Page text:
“I have celebrated thousands of confessions, believe me.”
Franciscan Father Josep Maria Massana now lives in the convent of the sanctuary of San Antonio de Padua in Barcelona. But, before that, he lived for years in African Franciscan Missions in Burundi, Malawi, and Kenya.
In those African countries, he explains, people go to confession far more frequently than in other latitudes. The reason seems to be quite simple: “Africans are quite straightforward, have clear minds and simple, sincere thoughts.”
But what about the faithful in “developed” countries?
“Well, first of all, people seem to be afraid — perhaps unconsciously — to look at themselves. Confession is like a mirror; we stand before it to see who we are, how we are doing.”
“One thing to keep in mind,” Father Massana explains, “is that confession is made before God. In confession, He sees us just as we are, squanders all his love, his tenderness, and his mercy. That is what the sacrament of Penance is about. In this sacrament, God talks to you. It is almost like he’s telling you ‘come as you are, I don’t care; I love you. I have always loved you.’”
But there is another reason why African Catholics approach confession more frequently than most Catholics elsewhere, Father Massana says: “In most African countries, priests are not always available. We have to set clear and precise schedules to make confession possible and available.”
In the African case, letting people know when there would be a priest available for confession encourages people to set some time apart and plan ahead so that they can participate in the sacrament. “We priests must let people know we are indeed available. Otherwise, it might be difficult for the faithful to be looking around for a priest who might hear his or her confession. For me, one of the best things about the priesthood is confession. It is a fabulous apostolate! It is the apostolate of mercy!”
“There are people who take refuge,” Father Massana adds, “in community confessions. There are men and women who find it easier to go to communal penitential ceremonies. We cannot disregard the value this practice still has -God only knows- for the men and women who attend these penitential acts. God takes advantage of any crack in the soul of the faithful, to touch their hearts. God’s mercy is infinitely resourceful!”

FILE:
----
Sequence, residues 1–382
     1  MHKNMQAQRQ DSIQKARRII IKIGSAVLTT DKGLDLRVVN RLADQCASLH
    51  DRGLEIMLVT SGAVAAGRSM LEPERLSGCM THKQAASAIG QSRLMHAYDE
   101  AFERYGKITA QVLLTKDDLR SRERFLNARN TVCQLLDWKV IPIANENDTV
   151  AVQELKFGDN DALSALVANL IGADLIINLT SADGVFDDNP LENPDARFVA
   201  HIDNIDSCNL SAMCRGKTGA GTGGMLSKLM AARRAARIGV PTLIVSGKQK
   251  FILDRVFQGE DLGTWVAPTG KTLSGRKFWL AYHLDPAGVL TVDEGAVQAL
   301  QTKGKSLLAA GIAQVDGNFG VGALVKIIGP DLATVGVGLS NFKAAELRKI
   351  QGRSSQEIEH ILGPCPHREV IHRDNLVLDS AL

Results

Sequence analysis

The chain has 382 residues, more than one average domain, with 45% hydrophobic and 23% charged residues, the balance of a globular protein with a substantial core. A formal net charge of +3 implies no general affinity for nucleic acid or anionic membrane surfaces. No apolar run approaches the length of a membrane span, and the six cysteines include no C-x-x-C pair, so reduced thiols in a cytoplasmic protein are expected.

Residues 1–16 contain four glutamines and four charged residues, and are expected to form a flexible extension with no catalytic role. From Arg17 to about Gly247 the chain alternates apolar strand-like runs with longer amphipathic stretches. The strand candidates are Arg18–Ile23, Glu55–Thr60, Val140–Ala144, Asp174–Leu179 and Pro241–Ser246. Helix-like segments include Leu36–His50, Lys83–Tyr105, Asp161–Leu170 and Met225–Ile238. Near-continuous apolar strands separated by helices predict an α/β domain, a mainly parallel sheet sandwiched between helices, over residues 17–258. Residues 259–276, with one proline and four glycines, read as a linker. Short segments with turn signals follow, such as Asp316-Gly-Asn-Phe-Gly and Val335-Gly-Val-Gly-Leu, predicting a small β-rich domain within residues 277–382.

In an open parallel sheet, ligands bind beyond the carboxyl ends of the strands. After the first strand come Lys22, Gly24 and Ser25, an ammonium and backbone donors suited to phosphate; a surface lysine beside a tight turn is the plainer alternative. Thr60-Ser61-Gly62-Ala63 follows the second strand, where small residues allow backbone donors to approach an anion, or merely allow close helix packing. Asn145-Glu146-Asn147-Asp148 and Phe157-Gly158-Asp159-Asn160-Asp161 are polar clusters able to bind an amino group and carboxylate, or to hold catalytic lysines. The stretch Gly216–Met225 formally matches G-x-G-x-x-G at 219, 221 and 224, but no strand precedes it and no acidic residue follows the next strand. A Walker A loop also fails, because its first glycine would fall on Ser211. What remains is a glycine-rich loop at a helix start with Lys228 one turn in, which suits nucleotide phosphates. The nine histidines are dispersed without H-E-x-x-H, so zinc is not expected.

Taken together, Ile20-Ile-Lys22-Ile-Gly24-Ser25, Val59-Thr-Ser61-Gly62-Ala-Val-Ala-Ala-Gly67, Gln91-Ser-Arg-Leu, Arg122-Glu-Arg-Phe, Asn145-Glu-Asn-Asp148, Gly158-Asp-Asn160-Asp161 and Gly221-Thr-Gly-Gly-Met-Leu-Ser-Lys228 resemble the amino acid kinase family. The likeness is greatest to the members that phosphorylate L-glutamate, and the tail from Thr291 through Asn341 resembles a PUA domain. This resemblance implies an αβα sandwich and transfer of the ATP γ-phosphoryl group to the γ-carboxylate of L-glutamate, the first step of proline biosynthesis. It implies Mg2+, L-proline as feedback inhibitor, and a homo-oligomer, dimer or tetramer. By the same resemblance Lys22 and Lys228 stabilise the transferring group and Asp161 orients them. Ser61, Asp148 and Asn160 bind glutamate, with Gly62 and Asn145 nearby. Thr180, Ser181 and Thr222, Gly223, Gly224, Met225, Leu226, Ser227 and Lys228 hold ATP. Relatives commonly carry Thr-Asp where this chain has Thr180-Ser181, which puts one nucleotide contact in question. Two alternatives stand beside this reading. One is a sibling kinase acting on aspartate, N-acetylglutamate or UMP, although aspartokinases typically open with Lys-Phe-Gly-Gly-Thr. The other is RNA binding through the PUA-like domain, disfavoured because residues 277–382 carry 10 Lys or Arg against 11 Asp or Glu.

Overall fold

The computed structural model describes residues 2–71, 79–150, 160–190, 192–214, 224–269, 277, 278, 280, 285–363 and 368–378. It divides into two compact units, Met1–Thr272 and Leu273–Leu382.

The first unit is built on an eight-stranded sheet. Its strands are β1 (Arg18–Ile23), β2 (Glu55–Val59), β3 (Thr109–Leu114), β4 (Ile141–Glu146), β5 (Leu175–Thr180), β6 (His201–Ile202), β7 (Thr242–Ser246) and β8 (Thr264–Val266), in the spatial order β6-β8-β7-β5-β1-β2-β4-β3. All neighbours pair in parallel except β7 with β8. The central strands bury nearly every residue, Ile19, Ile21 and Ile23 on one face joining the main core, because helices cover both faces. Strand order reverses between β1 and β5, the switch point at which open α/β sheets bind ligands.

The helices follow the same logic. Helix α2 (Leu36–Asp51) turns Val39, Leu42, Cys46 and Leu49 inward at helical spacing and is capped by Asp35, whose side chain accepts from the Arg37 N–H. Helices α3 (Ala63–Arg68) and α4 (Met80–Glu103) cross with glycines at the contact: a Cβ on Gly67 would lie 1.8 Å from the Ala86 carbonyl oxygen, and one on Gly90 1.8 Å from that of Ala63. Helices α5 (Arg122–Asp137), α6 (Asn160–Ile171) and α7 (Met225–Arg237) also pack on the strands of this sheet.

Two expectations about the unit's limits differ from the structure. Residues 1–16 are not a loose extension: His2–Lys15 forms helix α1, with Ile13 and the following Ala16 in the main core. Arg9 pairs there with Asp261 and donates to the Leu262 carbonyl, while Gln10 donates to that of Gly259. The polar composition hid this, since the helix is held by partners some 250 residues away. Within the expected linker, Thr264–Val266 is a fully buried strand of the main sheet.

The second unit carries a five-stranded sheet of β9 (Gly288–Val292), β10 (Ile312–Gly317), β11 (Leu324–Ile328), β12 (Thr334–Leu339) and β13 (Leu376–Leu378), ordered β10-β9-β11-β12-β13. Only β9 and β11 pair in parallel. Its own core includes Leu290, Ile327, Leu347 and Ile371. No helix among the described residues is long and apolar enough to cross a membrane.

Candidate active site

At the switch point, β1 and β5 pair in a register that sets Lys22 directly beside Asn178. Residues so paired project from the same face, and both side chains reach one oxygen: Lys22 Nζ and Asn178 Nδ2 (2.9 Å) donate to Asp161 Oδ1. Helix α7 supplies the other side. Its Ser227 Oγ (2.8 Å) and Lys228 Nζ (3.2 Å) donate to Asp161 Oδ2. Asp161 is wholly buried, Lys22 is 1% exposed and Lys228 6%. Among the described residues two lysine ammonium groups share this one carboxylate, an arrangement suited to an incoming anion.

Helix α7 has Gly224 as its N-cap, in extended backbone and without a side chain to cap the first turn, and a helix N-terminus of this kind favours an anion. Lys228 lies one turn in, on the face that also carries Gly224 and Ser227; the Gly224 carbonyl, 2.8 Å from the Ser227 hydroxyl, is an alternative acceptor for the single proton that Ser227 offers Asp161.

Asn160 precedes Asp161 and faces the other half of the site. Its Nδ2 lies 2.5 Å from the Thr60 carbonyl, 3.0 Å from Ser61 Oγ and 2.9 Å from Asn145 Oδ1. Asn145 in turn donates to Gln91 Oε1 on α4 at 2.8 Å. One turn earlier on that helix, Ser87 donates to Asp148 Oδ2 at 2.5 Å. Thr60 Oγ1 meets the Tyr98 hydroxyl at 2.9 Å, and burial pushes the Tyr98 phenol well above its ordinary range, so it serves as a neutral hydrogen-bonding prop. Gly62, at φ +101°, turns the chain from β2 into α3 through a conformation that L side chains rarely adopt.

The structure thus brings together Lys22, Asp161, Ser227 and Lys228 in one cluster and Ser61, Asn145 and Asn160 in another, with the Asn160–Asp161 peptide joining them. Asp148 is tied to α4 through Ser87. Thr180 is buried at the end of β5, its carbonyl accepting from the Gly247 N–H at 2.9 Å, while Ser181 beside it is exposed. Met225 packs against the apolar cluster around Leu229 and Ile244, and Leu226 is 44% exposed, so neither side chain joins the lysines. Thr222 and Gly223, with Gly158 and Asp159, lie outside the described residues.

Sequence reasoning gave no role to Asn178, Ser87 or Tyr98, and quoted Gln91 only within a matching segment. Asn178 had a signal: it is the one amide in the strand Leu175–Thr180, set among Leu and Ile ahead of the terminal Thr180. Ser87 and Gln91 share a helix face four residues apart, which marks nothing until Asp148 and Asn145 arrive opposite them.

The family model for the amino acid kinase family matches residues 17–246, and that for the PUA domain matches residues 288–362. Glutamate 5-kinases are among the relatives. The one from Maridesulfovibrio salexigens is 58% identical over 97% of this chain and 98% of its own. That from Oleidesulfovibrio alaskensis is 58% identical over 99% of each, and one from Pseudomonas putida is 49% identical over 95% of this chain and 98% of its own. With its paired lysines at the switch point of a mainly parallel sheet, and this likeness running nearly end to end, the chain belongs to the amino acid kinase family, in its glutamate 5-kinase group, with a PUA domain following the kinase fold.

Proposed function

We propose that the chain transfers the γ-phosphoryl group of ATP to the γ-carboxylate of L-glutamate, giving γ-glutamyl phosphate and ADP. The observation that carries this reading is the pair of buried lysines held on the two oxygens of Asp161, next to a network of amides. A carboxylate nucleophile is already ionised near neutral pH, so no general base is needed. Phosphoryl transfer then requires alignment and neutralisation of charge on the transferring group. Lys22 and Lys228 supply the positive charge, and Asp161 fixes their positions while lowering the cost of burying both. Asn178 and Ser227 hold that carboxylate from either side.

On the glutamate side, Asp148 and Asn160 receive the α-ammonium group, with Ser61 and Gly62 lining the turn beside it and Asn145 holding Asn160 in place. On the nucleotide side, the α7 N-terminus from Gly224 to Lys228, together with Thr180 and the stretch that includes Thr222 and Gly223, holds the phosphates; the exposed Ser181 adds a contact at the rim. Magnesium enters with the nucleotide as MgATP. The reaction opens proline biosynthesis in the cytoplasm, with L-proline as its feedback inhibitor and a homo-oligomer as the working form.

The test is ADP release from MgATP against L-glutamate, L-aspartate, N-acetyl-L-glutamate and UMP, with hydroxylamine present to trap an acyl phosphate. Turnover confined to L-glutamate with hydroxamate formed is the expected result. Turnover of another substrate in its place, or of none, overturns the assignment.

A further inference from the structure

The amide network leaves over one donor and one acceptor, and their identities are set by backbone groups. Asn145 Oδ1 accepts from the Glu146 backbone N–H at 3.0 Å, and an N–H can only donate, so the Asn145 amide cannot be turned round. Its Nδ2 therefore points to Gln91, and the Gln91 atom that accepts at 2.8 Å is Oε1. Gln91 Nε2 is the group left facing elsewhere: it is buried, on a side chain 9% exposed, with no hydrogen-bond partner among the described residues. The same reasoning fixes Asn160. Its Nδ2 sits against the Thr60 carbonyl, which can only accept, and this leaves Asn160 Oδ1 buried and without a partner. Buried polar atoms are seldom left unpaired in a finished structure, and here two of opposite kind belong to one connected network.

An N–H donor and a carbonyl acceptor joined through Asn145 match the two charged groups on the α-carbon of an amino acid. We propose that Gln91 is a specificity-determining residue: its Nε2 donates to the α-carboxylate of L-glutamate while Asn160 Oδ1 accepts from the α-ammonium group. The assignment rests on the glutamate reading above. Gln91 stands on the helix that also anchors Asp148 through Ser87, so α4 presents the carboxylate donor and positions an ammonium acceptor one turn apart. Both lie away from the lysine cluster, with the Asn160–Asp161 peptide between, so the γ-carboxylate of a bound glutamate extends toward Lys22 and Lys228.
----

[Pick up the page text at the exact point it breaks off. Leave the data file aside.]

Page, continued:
“Personally, I think that the close human exchange; a simple word of advice; a word of encouragement; the guidance given by the priest in the confessional indeed helps building the faithful’s moral, ethical and religious conscience,” Father Massana affirms.
Father Massana is absolutely clear about one thing: “Africans go to confession to say things as they are, and that’s it. They are absolutely free of any kind of complexes. They go straight to the point. I have celebrated thousands of confessions there; believe me.”
Not only in confession, but rather in the overall practice of the sacraments “Africans are simpler. They are Christians, and that’s the end of the discussion,” says Father Massana. “They do not have any need for elaborate and convoluted reasoning regarding their being Christians. For them, it’s a simple, natural, straightforward fact. That is why now missionaries from Africa and Latin America are coming to evangelize the developed countries, and not the other way around.”
“I compare it with hunger,” Massana says. “If you offer food to someone who’s a hungry person, that person will eat at ease, but if you try to feed someone who doesn’t really want to eat, or who doesn’t know what he’s craving for (which is our case), then everything will be much more difficult. The same goes for spiritual nourishment!”
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